What most consumers don’t realise, the source said, is there is no Domestic Warranty Insurance on residential buildings taller than three stories in Victoria, and no Structural Warranty Insurance. The consumer is completely exposed.
“Who appoints the surveyor is not the main story,” the source said. “It’s what the legislation [changes] didn’t address that really matters.”
The source also said there had been ongoing lobbying from within the industry for the government to take action that would genuinely protect owners of apartments in high rise developments.
The Fifth Estate has confirmed that the Victorian Building Commission issued a Practice Note in 2012 that sets out the conditions for an exemption to obtaining Domestic Warranty Insurance. The exemption applies to any building that has four living stories or more, using the Building Code of Australia definition of “living floor” that comprises any residential floor in a class two building.
These types of insurance in the low-rise sector also only come into effect when the builder has died or become insolvent. A Choice investigation in 2014 found that in Victoria, consumers have been finding it extremely difficult to successfully make claims, and that generally costly, time-consuming litigation has been the only way to attempt redress for defective work.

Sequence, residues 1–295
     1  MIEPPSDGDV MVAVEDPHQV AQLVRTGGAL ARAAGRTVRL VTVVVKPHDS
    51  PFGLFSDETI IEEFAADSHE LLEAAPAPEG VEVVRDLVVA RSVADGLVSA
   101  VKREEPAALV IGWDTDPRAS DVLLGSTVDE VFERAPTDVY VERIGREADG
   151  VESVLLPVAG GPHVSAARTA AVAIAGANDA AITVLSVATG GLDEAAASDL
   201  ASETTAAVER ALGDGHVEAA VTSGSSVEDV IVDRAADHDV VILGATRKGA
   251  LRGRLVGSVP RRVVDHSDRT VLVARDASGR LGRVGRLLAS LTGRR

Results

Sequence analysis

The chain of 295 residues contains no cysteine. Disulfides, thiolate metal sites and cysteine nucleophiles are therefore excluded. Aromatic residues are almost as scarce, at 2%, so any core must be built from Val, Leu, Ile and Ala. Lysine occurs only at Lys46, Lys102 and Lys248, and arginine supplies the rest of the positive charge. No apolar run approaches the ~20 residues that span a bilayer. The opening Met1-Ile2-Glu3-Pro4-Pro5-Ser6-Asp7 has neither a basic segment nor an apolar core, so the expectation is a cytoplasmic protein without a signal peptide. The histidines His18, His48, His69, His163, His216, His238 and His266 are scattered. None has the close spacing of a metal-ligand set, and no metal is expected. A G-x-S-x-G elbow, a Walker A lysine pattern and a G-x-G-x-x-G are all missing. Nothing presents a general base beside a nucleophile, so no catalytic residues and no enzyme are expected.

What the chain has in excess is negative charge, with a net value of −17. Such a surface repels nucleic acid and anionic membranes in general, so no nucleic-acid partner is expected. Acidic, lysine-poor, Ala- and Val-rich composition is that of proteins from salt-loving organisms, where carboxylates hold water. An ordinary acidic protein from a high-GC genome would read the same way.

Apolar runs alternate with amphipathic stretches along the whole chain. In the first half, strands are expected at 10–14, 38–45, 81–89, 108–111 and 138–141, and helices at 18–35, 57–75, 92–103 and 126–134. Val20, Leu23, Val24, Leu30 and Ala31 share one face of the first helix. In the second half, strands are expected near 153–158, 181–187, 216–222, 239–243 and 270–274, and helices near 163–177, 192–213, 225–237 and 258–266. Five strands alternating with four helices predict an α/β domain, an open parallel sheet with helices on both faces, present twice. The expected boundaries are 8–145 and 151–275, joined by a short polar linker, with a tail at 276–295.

The Planning Institute of Australia has welcomed the initial tranche of changes, which were tabled in the Victorian Parliament this month.
PIA Victorian president James Larmour-Reid said improving the domestic building system was necessary for a healthy planning system.
“Building practitioner and consumer confidence is an integral part of the performance of planning. Improving the building system, so the industry can get on with the business of compliant building, is a key indicator of a healthy planning system,” Mr Larmour-Reid said.
“PIA understands that a vast majority of consumer complaints are triggered by issues with domestic building insurances. This week’s changes do not address needed changes to warranties, so we look forward to seeing these changes as part of the second roll-out of reform next year.”
Chief executive of the Australian Institute of Building Surveyors, Brett Mace, said the organisation supports the changes that will allow home owners to appoint the building surveyor.